/ Technology

New nuisance calls app helps you get your own back

Phone shock

Nuisance calls are a nuisance. It’s in the name. We’ve been tackling them head on with our 170,000 campaign supporters, but sometimes you just want to give them a taste of their own medicine. Well, now you can.

You might remember hearing about Lee Beaumont – he set up his own premium rate number to charge every foolish nuisance caller who decided to call him. And lots of you have also shared how you’ve had fun with these callers, including Jon:

‘I have a children’s toy that, at a press of a button, gives out messages from Captain Kirk on the Enterprise. There are several messages such as “BEAM ME UP SCOTTY!” which are useful during a conversation…’

Make nuisance callers buzz off

BuzzOff logoSilicon Valley start-up Lirpa Technologies, Inc. seems to have been inspired by all your antics and has today released a smartphone app to help you get your own back. Now available on both Apple and Android phones, BuzzOff promises a 96% efficiency rate at making nuisance callers hang up.

The concept is simple – the next time a caller offers to help you reclaim PPI, simply press the BuzzOff button on your phone and the nuisance caller will get a short sharp shock from their own phone. Lirpa Technologies claims the shock is harmless, but it will certainly send the message that their call isn’t welcome.

So how does it work? Joel T. Dylor, Chief Technical Officer at Lirpa, explains:

‘It’s a really simple idea. Our research found that over 80% of call center staff are now making their calls from mobile devices, either tethered to their work station or on the move. Their plan was to improve productivity and allow employees to work more flexibly, but it also gives consumers a lot more options for how to respond when cold-called. That’s when we had the idea for BuzzOff.

‘BuzzOff sends an over-the-air instruction to the NFC loop in a cold caller’s smartphone, inducing a current in the metal parts of the handset. This gives the caller a small electric shock. It’s not dangerous, but it’s enough to stop most people from calling again.’

Lirpa boasts a growing database of phone numbers for known nuisance calling companies, allowing you to set the BuzzOff app to automatically shock callers even before you answer the phone. And if you’re worried about accidentally sending a shock to your dear mama, you can add your friends’ and family’s phone numbers to a safe list.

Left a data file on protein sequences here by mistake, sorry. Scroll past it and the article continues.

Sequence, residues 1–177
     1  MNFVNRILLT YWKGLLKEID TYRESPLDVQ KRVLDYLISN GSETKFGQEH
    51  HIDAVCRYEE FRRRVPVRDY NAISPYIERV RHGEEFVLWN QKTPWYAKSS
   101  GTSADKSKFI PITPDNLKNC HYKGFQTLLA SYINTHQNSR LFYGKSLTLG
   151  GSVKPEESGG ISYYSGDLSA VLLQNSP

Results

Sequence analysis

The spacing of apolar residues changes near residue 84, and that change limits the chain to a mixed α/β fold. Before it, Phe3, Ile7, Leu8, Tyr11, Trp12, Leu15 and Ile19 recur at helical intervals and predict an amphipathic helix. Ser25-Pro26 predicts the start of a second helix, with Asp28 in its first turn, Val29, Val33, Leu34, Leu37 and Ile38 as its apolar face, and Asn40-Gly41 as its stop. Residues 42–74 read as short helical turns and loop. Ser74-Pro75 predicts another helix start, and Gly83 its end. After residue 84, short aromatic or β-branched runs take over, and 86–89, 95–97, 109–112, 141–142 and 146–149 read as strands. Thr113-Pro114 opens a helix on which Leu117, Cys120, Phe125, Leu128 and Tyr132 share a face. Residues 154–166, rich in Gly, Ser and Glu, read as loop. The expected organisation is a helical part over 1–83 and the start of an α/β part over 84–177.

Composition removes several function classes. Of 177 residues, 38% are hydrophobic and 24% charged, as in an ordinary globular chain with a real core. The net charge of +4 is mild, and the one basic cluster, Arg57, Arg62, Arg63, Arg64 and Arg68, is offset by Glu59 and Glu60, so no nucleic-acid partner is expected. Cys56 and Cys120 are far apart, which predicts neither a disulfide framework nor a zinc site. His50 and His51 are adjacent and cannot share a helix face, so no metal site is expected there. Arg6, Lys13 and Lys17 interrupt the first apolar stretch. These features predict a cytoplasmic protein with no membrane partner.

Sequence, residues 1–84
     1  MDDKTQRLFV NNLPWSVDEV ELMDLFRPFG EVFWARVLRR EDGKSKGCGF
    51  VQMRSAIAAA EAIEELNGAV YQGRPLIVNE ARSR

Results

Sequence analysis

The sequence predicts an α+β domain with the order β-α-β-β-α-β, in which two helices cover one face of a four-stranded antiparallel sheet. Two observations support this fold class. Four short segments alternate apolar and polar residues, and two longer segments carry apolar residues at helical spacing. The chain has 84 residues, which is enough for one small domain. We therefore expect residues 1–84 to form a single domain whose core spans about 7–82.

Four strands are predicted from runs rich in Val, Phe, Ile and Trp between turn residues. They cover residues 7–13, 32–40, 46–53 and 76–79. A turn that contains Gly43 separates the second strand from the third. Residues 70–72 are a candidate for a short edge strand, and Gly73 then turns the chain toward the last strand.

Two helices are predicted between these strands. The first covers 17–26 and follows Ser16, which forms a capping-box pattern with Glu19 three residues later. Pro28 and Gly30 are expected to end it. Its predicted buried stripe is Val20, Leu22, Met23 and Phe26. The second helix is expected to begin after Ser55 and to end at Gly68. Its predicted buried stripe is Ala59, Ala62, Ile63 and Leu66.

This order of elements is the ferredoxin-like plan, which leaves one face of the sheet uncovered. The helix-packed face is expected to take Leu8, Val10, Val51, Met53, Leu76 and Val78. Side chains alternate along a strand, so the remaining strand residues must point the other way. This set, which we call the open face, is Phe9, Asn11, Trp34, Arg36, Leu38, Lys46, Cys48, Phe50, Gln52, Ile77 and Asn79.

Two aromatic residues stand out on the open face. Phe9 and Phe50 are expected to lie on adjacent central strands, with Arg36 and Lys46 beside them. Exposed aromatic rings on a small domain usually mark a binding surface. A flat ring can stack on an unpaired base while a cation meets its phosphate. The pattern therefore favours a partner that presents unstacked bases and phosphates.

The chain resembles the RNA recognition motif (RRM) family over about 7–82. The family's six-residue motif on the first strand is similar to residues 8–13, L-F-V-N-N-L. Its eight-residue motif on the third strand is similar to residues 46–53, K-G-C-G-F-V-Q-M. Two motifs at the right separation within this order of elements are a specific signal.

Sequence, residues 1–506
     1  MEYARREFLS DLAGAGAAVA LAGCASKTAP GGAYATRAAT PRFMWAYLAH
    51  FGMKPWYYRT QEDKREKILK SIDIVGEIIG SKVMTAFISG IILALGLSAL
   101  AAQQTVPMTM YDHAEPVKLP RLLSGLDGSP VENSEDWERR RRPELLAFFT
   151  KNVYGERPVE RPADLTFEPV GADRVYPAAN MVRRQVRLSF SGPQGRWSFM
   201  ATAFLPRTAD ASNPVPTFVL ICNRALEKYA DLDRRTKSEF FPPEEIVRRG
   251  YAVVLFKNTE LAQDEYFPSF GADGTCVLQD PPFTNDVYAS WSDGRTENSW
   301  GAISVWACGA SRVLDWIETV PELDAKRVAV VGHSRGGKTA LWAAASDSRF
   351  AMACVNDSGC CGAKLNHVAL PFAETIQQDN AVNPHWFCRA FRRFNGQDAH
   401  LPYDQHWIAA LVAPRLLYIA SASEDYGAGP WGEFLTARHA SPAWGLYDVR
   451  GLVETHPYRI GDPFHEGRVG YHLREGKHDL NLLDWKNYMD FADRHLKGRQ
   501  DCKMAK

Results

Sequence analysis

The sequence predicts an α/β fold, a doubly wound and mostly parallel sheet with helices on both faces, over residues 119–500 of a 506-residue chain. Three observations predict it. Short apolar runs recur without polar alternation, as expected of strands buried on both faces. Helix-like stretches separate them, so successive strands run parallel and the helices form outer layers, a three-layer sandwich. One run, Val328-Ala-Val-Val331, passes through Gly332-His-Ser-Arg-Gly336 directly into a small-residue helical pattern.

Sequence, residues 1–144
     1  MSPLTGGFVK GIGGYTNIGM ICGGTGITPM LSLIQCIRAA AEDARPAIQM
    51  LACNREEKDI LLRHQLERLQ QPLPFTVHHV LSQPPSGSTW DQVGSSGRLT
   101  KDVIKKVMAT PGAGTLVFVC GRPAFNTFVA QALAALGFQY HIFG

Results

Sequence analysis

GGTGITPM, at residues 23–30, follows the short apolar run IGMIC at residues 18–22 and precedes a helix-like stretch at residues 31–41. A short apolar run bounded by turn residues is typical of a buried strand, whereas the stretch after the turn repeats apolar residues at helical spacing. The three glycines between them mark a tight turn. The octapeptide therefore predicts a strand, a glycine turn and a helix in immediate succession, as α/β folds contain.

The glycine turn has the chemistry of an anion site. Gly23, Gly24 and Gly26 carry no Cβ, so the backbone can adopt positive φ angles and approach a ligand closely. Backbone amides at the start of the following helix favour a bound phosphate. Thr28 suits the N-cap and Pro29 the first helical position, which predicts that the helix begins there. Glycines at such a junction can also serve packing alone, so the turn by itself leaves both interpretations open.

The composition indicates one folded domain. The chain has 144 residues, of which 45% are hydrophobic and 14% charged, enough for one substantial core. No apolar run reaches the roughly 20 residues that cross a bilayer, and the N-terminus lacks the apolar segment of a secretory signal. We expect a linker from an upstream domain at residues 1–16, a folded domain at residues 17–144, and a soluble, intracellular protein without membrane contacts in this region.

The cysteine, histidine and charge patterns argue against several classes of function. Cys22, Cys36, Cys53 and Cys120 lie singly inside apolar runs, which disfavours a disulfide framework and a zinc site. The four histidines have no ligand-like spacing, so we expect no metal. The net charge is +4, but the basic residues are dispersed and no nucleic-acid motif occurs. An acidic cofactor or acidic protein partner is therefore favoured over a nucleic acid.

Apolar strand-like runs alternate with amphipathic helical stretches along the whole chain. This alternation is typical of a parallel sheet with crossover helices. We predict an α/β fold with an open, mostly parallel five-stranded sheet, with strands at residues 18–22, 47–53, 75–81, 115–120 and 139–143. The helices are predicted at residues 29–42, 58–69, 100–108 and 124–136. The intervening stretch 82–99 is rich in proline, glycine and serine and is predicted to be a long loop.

What about calls to your landline?

I know what you’re thinking, not everyone has a smartphone. And you’re right – those that tend to be most affected by nuisance calls are at home answering calls on their landline phone.

To that end, Lirpa plans to release a solution for landlines. This time, when a nuisance caller rings your home phone, you can just dial ‘74625’ (which cunningly spells ‘SHOCK’) and the caller will experience the same harmless sensation as with the BuzzOff app. This technology is still in the works, but they expect to launch the number in the Autumn.

So, will you be downloading BuzzOff? Or do you have a better idea for an app to curb cold calls?

This was an April Fools post, published on 1 April 2015. BuzzOff won’t be coming to a phone near you.


What April Fool!? 😉


Here are all of our historical April Fools 🙂 https://conversation.which.co.uk/tag/rick-astley/


Do tell us the significance of the tag ‘Rick Astley’ in relation the April Fool Convos. Traditionally, trying to confuse people should end at noon, I understand.


It’s in reference to a ‘meme’ that when someone has been fooled they are linked to Rick Astley’s song ‘Never Gonna Give You Up’: https://www.youtube.com/watch?v=dQw4w9WgXcQ It doesn’t have 112m views because people like the song…


Thanks Patrick. I see what you meme. I would not have worked that out for myself.

I’m now trying to work out what the significance of the ‘Best comments’ tag is.


We use that on posts that have a round-up of your comments. You being the community, not just you Wavechange. Though you do often make the best comments 🙂




I love the idea, but I’d be worried about stopping someone’s pacemaker (or maybe restarting it?). I think I would prefer an app that played Woody (dial 96639) Woodpecker’s laugh loudly in the caller’s ear and then launch into the Looney Tunes theme music, and then cut off the call. What do you think?